I'm not going to answer your questions about symptoms to look for, where lymph nodes are located, etc. Regardless of what you probably have read online, symptoms never are a reliable indicator for or against HIV infection. (Howeverr, your symptoms do not particularly suggest HIV to me.) You need a blood test to know and symptoms simply are not helpful. Since your exposure was a month ago, you can get tested now. You wasted your money on the PCR test; a standard blood test (for one tenth the cost) would have been sufficient. Anyway, the chance you got HIV from the encounter you describe was close to zero. Just relax; you're overly stressed about this.
Good luck-- HHH, MD
The MD's gonna tell you the symptoms aren't a good indicator. Wait for the test and see what it tells you. Anal sex is high risk but in 10 seconds it probly isn't that easy to catch. Chances are you're fine but you're just gonna have to sit back and relax until you get the results. I hope you do okay.
Dr Seuss: Any single sexual act is rarely the cause of an HIV infection, and in such a short period (10 seconds?) of penis-anus contact it's probably not going to transmit the virus. But you're going to have to wait for the test results, so try to think about happy things for the next few days!
Everyone else: Just as a note to everyone on this message boards: Merry Christmas! It's so odd how they put World AIDS Day between Thanksgiving and Christmas. I read through the statistics released for World AIDS Day events and the numbers all point to the fact that everyone--gay,straight,confused, male, female, hermaphro, whatever--should err on the side of getting tested. The estimates are so high of the number of infected people who don't know they're infected, I think we have to take all the statistics that we've been using to estimate individual risks with a grain of salt. So much of the pandemic is an unknown, and now the number of people with HIV in the United States is approaching 1.5 million, with fewer than half of those cases being homosexual or bisexual men.
The rate of new transmissions spiked in the entire world, with heterosexual transmissions still making up the majority worldwide. The US rate of HIV transmissions among heterosexuals declined straightly, but it's still making up somewhere around 1/3 of HIV cases in the US. So where unprotected anal/vaginal sex is concerned between men and women, the risk is small but palpable, especially when you factor in the reality that a huge chunk of the country's HIV caseload -- 50%! -- is not being tracked or documented.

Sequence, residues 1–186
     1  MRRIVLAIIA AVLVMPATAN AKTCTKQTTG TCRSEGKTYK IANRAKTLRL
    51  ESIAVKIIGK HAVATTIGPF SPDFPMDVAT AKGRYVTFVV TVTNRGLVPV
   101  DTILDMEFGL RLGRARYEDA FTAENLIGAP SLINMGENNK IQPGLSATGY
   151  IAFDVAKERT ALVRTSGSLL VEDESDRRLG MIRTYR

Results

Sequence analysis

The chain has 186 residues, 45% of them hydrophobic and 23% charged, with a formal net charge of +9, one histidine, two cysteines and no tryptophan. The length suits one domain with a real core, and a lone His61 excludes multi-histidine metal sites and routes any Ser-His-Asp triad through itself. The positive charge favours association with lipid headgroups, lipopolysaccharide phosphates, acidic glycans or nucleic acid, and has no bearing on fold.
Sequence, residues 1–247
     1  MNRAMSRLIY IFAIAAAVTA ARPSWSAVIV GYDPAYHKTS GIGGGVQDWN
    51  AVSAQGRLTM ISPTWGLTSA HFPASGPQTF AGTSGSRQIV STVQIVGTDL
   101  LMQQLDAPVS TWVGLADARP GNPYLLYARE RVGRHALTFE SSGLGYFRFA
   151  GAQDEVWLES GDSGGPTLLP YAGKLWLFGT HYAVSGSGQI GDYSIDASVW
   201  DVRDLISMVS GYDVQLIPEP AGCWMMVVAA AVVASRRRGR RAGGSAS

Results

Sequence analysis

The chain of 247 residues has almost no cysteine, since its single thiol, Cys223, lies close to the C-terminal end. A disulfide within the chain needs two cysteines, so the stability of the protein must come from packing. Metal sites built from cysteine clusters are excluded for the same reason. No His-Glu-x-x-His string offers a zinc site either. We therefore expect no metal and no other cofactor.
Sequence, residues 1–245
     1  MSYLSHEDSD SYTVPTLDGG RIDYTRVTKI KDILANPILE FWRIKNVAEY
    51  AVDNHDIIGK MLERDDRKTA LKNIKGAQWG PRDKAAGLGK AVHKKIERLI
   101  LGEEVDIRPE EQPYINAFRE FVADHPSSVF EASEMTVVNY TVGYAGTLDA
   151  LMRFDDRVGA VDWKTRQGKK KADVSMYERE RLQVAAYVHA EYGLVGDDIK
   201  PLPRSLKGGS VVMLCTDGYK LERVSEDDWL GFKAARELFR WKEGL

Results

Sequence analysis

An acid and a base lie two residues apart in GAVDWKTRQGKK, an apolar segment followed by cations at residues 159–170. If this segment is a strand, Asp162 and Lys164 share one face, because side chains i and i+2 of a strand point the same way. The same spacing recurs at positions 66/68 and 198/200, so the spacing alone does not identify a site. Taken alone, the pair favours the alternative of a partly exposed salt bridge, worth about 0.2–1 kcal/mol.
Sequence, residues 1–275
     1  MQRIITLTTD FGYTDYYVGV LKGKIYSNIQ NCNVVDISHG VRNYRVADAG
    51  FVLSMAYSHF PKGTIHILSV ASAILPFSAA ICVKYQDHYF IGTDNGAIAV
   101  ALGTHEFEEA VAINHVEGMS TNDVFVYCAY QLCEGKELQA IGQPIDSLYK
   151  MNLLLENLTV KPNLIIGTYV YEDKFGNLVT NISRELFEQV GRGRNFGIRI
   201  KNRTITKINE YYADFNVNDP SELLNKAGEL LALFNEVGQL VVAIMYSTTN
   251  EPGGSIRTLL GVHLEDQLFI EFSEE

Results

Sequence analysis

The rate of infection among gay and bisexual men actually increased over the last few years, but there is a lot of debate over whether that is the result of more infections or more gay men getting tested and documented. Because gay urban communities, like the Seattle clinic where Dr. Handsfield works, are more likely to know about HIV and get tested, there is a very strong possibility that straight HIV cases are on the rise but there's no way to track them down. Everyone should take glowing and hopeful statistics about low risk to heterosexuals with very large grains of salt.
I can understand that most people who come to this forum with HIV questions are nervous and possibly feeling guilty, and most are not at high risk. But I still think it's important not to become so reassuring to each other that we lose sight of important risks that are real. It's tough on the mind and heart to get through the HIV testing window, but in a much bigger sense, maybe that tough experience can help people change their behavior; at any rate, unless the sex act in question was patently incapable of spreading HIV (such as protected oral sex or sharing a toilet seat), there is no way to make promises to people that they're negative. They just have to brace themselves, get through the waiting period, and then get their results.
Peace on earth and goodwill to men!
Thanks for the support everyone. This has been a very difficult time for me and has adversely affected my life. I did have a test (oral) at 26 days which came back negative. I did the DNA PCR to relieve anxiety about the 3 and 6 month window. I know there is a chance for false positives. But I was told if it comes back negative then I am in the clear. Can anyone verify that?
I am deleting your new thread on the same question; follow-up questions belong in the original thread. (Only a limited number of new questions is possible each day, and every repeat or unnecessary one prevents someone else from starting a thread.)
Your follow-up question was whether the negative test results you have had so far are 100% definitive. The answer yes, especially since you had PCR testing as well as an the antibody tests. Although antibody tests on rare occasions take 6 weeks to become positive, the combination of negative antibody and PCR tests at ~4 weeks is 100% reliable. You also asked about the oral test: oral antibody testing is equally reliable as the blood test.